Friday, January 15, 2010

The Gems of Exodus and Revelation - Jasper

It's notable that the exact identity of a few stones mentioned in Exodus 28 and Revelation 21 are uncertain and differ from translation to translation. Since many of the stones are now contemporary birthstones, I will highlight them in the months in which they correspond, not necessarily in the order they are mentioned in scripture. It's also notable that the number 12 (the number of perfection in government, and completion) is a key theme throughout these particular posts.

The Gems of Exodus and Revelation - Jasper

Jasper is an ornamental rock composed mostly of chalcedony, microcrystalline quartz, in association with other minerals, which give it colorful bands and patterns. Jasper was a favorite gem in the ancient world; its name can be traced back in Hebrew, Assyrian, Persian, Greek and Latin. Jasper is often named according to its pattern: landscape jasper, the most popular, offers a small panorama in stone. Ribbon jasper, picture jasper, and orbicular jasper are the names of other varieties. Jasper is found in many countries. It is sometimes used to create bowls and other objects and to adorn buildings, such as the Saint Wenceslas Chapel in Prague.

It's interesting that this stone which is mentioned last (of twelve stones) to be placed in the breastplate of Aaron in Exodus, is mentioned first (of twelve stones) in the foundation of the walls of the New Jerusalem in Revelation.

This reminds of Jesus' teaching from Matthew 20:16 NIV in which He stated "the last will be first and the first will be last." Because Jasper can take on so many different patterns and names, it reminds me of what Jesus said in John 8:58 NIV "I tell you the truth, before Abraham was born, I am!" Just like so many different patterns, Jesus is the answer to so many different needs; when we say "Lord, I need...(fill in the blank), Jesus says "I Am...(the answer to whatever is in the blank). Just like so many different names, Jesus is known as Prince of Peace, Lord of Lords, King of Kings, Lion of Judah, Star out of Abraham, Lamb of God, Son of Man and on and on. And just like Jasper, Jesus was First (as God in Heaven) - became Last (as man on earth) - and now is First again (at the right hand of the Father).
Jasper represented the tribe of Benjamin (of the 12 tribes of Israel) in the breastplate of the High Priest Aaron when God established the Old Covenant Church, and represents Peter (of the 12 apostles & Matthew 16:18) in the first of 12 foundations of the walls in the New Jerusalem in God's establishment of the New Covenant Church of which Jesus is The Great High Priest. Jasper's placement in both the breastplate and the foundations makes it a cornerstone.

In a day and age when we consider many stones much more precious than jasper, is it any wonder God does not?

NEXT POST: Amethyst and The First Miracle remix

Friday, January 1, 2010

Garnet, Grain, and Light

Welcome to the 2010 edition of JG&J. If you're a regular reader you've figured out that I post on the 1st and the 15th of each month. If you're not a regular, now you know the plan too. I covet your comments and thoughts and hope you choose to follow along as together we learn more about jewelry, gems, and Jesus.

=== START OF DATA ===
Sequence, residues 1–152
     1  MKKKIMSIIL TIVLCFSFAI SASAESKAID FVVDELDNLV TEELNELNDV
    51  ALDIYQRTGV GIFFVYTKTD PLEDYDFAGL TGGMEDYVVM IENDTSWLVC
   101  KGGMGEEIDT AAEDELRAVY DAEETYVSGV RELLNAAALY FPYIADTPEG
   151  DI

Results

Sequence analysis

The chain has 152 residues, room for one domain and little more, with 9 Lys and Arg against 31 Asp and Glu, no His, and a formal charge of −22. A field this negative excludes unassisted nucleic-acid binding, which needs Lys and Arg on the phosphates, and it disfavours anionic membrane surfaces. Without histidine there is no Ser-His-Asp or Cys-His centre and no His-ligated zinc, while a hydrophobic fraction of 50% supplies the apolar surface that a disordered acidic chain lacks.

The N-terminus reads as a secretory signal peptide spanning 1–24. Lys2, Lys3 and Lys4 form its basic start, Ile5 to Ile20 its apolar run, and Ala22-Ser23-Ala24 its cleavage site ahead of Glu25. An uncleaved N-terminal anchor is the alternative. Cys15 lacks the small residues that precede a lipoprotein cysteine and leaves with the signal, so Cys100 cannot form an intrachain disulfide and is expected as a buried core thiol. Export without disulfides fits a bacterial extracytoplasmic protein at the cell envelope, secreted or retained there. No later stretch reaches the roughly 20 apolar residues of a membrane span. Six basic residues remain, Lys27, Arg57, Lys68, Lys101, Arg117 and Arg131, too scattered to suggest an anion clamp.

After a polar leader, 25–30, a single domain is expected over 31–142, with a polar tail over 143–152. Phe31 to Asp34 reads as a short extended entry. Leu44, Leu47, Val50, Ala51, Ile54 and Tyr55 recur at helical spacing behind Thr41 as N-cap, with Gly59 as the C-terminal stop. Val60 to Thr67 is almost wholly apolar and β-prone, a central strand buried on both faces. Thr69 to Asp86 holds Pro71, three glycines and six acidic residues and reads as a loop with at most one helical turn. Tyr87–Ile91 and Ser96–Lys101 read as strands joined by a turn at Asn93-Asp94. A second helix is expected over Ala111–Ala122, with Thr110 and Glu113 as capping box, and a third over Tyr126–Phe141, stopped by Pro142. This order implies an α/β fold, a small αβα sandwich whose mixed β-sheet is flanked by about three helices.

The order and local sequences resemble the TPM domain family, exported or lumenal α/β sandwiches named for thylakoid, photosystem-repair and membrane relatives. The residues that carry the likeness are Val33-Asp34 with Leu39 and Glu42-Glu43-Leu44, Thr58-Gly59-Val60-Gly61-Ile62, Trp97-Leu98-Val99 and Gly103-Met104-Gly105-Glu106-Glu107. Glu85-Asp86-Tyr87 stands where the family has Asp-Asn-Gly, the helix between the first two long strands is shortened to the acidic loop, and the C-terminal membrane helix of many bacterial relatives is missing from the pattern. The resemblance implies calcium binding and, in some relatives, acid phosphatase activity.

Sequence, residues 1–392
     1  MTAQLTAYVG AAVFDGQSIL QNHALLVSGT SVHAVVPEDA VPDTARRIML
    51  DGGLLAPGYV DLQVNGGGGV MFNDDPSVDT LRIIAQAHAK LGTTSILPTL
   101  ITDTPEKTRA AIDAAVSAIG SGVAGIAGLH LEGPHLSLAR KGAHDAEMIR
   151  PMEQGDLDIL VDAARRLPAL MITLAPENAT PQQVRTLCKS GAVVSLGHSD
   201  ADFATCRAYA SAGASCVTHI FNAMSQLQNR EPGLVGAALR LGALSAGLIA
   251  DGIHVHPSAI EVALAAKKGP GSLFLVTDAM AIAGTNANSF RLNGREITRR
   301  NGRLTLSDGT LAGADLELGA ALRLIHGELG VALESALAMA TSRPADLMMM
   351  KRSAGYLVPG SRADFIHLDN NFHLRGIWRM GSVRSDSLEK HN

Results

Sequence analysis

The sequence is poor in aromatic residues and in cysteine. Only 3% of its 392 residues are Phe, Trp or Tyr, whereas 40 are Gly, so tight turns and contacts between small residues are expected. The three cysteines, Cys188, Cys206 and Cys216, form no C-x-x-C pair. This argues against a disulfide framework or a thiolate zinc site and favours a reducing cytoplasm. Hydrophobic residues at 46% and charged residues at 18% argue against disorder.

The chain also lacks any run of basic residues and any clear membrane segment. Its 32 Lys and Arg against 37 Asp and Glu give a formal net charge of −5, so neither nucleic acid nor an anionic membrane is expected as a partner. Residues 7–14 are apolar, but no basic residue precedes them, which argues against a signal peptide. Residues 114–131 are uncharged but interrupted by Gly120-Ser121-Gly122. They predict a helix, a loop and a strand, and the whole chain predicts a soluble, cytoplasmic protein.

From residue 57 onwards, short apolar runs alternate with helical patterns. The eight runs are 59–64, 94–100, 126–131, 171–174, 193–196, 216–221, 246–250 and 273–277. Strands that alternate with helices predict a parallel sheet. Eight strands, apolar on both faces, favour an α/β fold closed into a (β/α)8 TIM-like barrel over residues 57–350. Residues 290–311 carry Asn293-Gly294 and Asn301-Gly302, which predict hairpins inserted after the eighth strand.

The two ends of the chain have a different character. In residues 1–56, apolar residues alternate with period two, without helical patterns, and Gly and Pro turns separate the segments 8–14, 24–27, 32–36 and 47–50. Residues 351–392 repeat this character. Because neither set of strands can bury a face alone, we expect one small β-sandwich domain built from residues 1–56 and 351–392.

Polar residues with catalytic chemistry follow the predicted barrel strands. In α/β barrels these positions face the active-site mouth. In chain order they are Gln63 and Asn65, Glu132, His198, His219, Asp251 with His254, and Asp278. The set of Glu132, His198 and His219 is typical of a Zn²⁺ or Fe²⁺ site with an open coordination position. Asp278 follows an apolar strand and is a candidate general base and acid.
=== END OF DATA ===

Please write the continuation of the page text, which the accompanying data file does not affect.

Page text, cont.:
Garnet, Grain, and Light

Garnet is the birthstone for the month of January. Most folks think of garnet as a dark red stone with some hint of brown hue. Fact is garnet comes in every hue of color except blue, and can also display characteristics like asterism (stars) and even color change between certain lights. Garnets are quite sturdy and resistant to everyday wear and tear, and uncomplicated to work into jewelry. Another point in favor of garnets is their high refraction of light, the reason for the amazing brilliance of garnets. The shape of the rough crystal is also interesting. Garnet, after all, means something like "the grainy” and is derived from the Latin word "granum” meaning "grain”. This refers to the typically rounded shape of garnet and also reminds of the seeds of the pomegranate.

Garnets are found in jewelry from ancient Egyptian, Greek and Roman eras. Many courageous discoverers and travelers wore garnets for protection, as they were considered popular talismans and protective stones, because it was believed in those days that garnets illuminate the night and prevent their wearer from any sort of evil. Today science explains to us that the proverbial luminosity of garnet is caused by its high refraction of light.

When I consider these characteristics of garnet, they remind me of things Jesus taught about grain and light. In Mark 4:14-21 NIV Jesus tells the parable of the how the Gospel is spread like grain seed. Verses 14-20 reveal how the farmer (that's all us Christians) sows the Word (Gospel, seed). Sometimes the (Gospel) seed finds soil that is rocky or thorny and does not grow to make grain. Sometimes the (Gospel) seed finds good soil, takes root and produces a bumper crop. Verse 21 reveals that when we receive a lamp (light) that we shouldn't hide it away only for our personal benefit, but that we put that light on a stand so that others may be illuminated. These verses are simply saying to us: Go, Tell, and Teach (Matthew 28:19-20)NIV; Share with others what has been freely given to me and you...the Grace and Salvation of Jesus Christ.
Garnet, whose name means "grain" and has a wonderful ability to greatly spread (refract) light should serve as a reminder to to all who claim the name of Christ to spread the Word, and to shine the Light.

NEXT POST: **The Gems of Exodus and Revelation - Jasper

**The Gems of Exodus and Revelation will be presented in twelve monthly installments and will explore the similarities between the stones in the ephod (breastplate) of Aaron and the stones of the New Jerusalem, and their relation to Jesus.